Food for thought and thank you for putting it so clearly, with such a great example, in front of us.

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Mar 20Liked by Dave Karpf

Dave, there is an essay's worth of thinking coming from " ... what it means to be living in the early times." Do you have more to share on precisely that? On five minutes of thought, I thought about the American manifest destiny, and our "pioneering spirit" as defining positive characteristics of our country. However, "pioneering" is somewhat lazy - it's extracting value and exploiting resources from uncontested or undefended places. Nothing against my Native American brothers and sisters but the Europeans from the 1800's didn't view the western wilderness as "occupied." I lament all of that ugly history but that's how it was.

So, pioneering means "the first guys there had an easy time of it." It got harder later once it started to fill up, and value must be gained by displacing others or competing against incumbents, or other more talented upstarts.

This whole thought resonates with me about defining our American dysfunctional sense of exceptionalism - there was nothing exceptional except that we were "deluded" into thinking this was how it always would be, because we had, as you say, "... a naive misunderstanding of what it means to be living in the early times."

This is a poignant thought. More about this please?

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Mar 20Liked by Dave Karpf

This may sound parochial but I have to get it said.

I don't buy the fundamental premise in the term LLM.

I see no language anywhere in the outputs. I see text. I see endless torrents of stochastic baloney. They don't constitute language and add nothing except more and faster plagiarism.

Language is in contact with the human world. These "models" aren't.

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Mar 21Liked by Dave Karpf

FWIW, I had the same issue with a ChatGPT response that claimed to use information from a company's annual report.[1] I didn't carefully check the claims initially, but later did and discovered that ChatGPT does appear to make up URLs when the URLs are in a predictable format. In other words, it's not checking sources but just making up sources that are essentially random information that's statistically similar to the references it's read.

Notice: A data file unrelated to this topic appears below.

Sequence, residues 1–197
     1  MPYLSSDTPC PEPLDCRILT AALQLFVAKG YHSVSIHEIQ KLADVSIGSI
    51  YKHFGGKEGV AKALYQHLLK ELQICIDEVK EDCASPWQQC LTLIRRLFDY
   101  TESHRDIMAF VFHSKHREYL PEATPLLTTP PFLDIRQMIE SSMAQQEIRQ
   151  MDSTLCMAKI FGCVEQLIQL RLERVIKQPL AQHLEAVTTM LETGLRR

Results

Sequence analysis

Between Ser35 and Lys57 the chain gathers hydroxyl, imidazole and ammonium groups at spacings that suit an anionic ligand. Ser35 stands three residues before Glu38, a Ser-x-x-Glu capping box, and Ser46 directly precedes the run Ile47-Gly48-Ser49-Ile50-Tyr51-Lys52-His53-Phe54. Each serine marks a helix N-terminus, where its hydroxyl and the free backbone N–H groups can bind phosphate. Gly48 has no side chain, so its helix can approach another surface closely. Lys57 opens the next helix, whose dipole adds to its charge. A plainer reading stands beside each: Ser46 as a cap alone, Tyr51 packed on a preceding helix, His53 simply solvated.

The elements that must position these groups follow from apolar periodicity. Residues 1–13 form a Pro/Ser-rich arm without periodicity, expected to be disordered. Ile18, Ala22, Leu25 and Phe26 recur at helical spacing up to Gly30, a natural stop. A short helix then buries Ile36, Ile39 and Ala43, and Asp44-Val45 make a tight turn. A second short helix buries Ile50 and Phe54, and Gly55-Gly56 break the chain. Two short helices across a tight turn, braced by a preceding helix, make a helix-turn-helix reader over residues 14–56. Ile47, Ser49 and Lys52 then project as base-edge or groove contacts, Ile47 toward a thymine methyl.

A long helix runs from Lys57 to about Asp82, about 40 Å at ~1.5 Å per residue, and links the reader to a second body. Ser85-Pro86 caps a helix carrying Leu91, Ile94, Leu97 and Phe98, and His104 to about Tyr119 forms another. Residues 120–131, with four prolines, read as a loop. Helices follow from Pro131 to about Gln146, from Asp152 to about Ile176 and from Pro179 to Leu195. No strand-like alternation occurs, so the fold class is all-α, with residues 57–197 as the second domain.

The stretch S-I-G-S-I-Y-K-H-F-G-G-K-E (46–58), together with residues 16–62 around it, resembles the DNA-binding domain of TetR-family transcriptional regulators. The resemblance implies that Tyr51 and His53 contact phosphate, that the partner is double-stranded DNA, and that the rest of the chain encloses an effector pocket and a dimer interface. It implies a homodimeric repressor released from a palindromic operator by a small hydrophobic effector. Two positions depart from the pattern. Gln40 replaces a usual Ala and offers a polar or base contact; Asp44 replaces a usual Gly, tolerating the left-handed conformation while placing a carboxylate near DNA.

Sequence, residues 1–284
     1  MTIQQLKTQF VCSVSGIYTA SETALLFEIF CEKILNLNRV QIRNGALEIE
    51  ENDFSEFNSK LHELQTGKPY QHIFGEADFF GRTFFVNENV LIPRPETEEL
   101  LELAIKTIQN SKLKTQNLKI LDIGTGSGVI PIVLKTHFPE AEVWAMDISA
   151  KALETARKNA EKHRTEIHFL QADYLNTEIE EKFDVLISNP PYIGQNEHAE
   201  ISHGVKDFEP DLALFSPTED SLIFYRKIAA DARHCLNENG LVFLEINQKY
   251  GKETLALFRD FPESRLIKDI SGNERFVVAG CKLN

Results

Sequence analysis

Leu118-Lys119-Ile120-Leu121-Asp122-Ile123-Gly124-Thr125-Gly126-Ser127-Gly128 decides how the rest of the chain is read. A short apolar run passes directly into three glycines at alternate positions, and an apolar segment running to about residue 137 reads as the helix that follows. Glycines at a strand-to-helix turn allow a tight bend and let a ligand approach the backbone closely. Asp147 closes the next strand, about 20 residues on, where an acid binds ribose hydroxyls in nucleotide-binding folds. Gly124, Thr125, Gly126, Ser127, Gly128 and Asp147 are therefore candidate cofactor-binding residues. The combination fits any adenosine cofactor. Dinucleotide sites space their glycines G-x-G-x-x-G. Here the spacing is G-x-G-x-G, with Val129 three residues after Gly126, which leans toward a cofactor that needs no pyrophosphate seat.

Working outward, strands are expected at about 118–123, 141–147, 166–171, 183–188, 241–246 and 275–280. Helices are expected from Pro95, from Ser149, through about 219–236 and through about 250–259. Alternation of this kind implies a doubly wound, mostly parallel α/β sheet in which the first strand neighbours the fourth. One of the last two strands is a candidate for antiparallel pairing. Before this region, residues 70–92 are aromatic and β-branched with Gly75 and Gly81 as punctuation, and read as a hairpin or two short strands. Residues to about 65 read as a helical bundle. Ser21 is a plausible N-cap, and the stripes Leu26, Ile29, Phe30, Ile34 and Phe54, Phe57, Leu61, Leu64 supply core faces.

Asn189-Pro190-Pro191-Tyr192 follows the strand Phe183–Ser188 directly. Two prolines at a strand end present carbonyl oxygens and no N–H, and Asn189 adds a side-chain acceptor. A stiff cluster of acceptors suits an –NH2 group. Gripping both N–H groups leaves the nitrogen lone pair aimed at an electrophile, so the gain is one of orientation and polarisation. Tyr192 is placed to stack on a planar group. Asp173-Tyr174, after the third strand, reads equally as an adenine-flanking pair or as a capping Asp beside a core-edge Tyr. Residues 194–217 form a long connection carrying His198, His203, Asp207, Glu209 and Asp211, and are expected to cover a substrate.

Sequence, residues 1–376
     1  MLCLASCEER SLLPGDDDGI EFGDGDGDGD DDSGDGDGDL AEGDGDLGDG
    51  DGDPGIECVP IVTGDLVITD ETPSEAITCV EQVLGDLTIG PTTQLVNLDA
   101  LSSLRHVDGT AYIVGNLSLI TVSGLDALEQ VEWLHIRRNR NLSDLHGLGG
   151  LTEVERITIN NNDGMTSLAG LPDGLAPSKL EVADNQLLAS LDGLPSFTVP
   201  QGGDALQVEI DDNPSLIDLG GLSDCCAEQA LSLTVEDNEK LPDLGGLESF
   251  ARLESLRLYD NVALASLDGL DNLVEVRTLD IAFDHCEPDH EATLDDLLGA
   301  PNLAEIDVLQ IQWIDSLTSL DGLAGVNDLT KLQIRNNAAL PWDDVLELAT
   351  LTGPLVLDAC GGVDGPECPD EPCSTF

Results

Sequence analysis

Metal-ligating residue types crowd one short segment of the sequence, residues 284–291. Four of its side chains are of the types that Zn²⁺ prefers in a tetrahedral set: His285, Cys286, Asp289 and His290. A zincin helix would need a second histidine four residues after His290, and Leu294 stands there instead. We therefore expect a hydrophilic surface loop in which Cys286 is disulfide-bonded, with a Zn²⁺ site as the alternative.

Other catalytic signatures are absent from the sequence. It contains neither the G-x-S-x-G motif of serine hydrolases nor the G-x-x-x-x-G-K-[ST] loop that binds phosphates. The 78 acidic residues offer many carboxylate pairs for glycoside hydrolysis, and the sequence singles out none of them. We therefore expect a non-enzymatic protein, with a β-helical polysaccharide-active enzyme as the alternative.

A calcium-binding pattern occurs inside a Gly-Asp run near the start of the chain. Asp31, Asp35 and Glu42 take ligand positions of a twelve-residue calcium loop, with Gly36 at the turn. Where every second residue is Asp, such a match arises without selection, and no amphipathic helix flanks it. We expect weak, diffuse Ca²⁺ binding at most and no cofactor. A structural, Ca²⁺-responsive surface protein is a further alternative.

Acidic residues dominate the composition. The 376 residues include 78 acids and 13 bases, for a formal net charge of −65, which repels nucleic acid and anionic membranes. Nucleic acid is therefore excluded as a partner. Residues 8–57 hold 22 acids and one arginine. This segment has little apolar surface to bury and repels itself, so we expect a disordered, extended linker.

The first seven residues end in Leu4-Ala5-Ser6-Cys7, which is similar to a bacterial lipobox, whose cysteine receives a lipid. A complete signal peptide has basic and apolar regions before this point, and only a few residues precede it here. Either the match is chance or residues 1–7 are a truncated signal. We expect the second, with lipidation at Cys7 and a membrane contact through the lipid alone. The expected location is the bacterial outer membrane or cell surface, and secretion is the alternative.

I expect that stuff like this is going to get posted all over the web in the next few years and further degrade our ability to even know what references really exist; if this continues our search engines will over time be working from a pool not of mostly-good references with the odd error in them, but a pool where most references don't exist at all, making it far more difficult to find references.

I am finding it more and more difficult to be non-alarmist about ChatGPT and LLMs in general; every time I turn around it starts looking just a little more nightmarish.

[1]: https://garymarcus.substack.com/p/should-we-worry-more-about-short/comment/13591756

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I invented an aphorism I call Fudd's 1st Law (in honor of Firesign Theater's Fudd's 3rd Law of Energy: "if you push something, it falls over") stating "if there is a system, someone will try to game it". The Internet, with its roots in academic idealism of free exchange, proved Fudd's 1st Law many times over. It's greatest strength is its greatest weakness, and it's been an endless arms race to preserve its ideals against the reality of monetization. Just think of the opportunities for a Nigerian Prince in LLM.

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An arms race of verbosity.

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Where are they now: Michael Schrag

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LLMs don't do product placement yet. I can hardly wait. That'll probably be part of the business model.